Difficult to improve the Budget: It may not be a very wise idea to look at the stock market closing to decide the quality of the Budget. The stock market yo-yoed since 11.00 am and finally ended up in negative territory. The day saw a 0.6% fall in benchmark indices (Nifty & Sensex). However, this is not an exceptional negative move. In fact, one may just ponder as to what were the market participants and commentators expecting from the Budget in the first place? Had they been the finance minister, and still remembered, that the Budget has to be balanced (revenue vis-à-vis expenditure) and keeping the fiscal deficit in check, how would they have designed it with any significant difference?
Maturity of fiscal decision making: This Budget may not go down in the annals of history as a dream budget. However, this Budget to an extent shows the maturity of the fiscal decision making process in India. In a world of negative interest rate and proliferating fiscal deficit this does means a lot. Of course as with any Budget, and why should this be any exception? There is a lot of expectation from the economy in FY17 which may be more than a tad optimistic. For instance, the FY17 fiscal deficit of 3.5% of nominal GDP is based on the expectation that nominal GDP will grow by 11%. In previous budget (FY16) the nominal GDP was expected to grow at 11.5% of FY15. However, now it is expected to grow at 8.6% in FY16. The nominal GDP has been falling sequentially since FY13 (FY16:8.6%; FY15:10.8%; FY14:13.3%; FY13:13.9%). In absence of any heavy-duty growth measures, it will be a very pleasant surprise if the FY17 nominal GDP growth is 11.0% as expected in the Budget.
Heart in the right place: Given the fiscal constraints, the Budget decided to focus on section of population which requires it the most - rural India and the economically weaker sections. Thus one sees ₹87,765 crore allocation towards rural development, a revival of MNREGA where the allocation is ₹38,500 crore and a sharp increase in rural road projects to ₹19,000 crore. This will breathe some life into the rural economy which is struggling after two bad monsoons. Measures like farm insurance and household insurance has the potential to improve the economic viability of agriculture/rural credit which may further promote growth.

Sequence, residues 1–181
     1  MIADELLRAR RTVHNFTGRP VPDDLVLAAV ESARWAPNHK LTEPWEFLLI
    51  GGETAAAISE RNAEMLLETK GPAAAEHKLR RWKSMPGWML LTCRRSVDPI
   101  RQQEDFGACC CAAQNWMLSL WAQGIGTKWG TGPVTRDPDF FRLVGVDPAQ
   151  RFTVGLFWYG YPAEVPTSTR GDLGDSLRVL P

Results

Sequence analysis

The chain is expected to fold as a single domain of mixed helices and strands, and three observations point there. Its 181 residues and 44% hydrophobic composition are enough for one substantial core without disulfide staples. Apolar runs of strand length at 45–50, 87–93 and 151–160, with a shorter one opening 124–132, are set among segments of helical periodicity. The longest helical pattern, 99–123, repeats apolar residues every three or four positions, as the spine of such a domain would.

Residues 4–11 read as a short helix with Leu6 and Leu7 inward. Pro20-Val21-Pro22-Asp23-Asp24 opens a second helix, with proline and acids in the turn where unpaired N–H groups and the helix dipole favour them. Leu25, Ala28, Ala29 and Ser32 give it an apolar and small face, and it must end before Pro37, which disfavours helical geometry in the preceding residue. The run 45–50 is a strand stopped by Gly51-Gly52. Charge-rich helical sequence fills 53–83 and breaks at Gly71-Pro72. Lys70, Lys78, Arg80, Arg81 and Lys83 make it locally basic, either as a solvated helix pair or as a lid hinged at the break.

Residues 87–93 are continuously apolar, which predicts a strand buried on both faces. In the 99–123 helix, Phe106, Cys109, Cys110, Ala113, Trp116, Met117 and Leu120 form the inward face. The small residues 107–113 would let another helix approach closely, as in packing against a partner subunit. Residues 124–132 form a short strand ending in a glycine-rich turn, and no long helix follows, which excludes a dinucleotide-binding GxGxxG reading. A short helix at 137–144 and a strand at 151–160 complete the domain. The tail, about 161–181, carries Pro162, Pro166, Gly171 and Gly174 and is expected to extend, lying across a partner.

Long-term positive signals for corporate India: While the tax rate for large corporates has not been reduced, the FM provided enough signals that the journey of simplification and rationalization of tax structure has begun. The introduction of the concept of presumptive income of 8% for businesses with revenue below ₹2 crore and taxing the same will potentially widen the tax net at the same time make it less onerous to comply with the same. In the long run such measures may turn out to be a master stroke.
NPA problem cannot be solved in the Budget: Certain market observers felt a bit of a heartburn as the FM allocated just ₹25,000 crore for recapitalization of banks in FY17. While the FM, of course made a commitment that more may be made available if the need so arises, some still feel this may not be sufficient. As such, estimates by various brokerage houses and rating agencies suggest that the Indian public sector banks require something to the tune of ₹200,000 crore in the next three years for recapitalization, if the Basel III norms are to be complied with by 2019. The government has allocated ₹70,000 crore over the same period. Thus if in today’s Budget, the FM had allocated, say, ₹50,000 crore (which is higher than the consensus expectation of the market) would it have helped? Would it have caused banks to trigger credit-driven GDP growth? Would banks have been amenable to lend to over-leveraged Indian corporates? The answer is possibly no!
To that extent, the cue provided by the FM about his willingness to reduce government holding of banks may be the correct way. Of course which private investor would like to buy banks struggling with bad loan issues at what price is a separate discussion all together. What banks require is immediate implementation of bankruptcy laws and/or a sovereign distressed asset fund, which will have special powers to liquidate assets. Banks NPA problem, if not solved has the potential to sink the entire economy. Expecting a high recapitalization amount in the Budget to fix it is like hoping cold-cream to cure skin cancer!
The author is a visiting faculty at IIM Calcutta. Views are personal.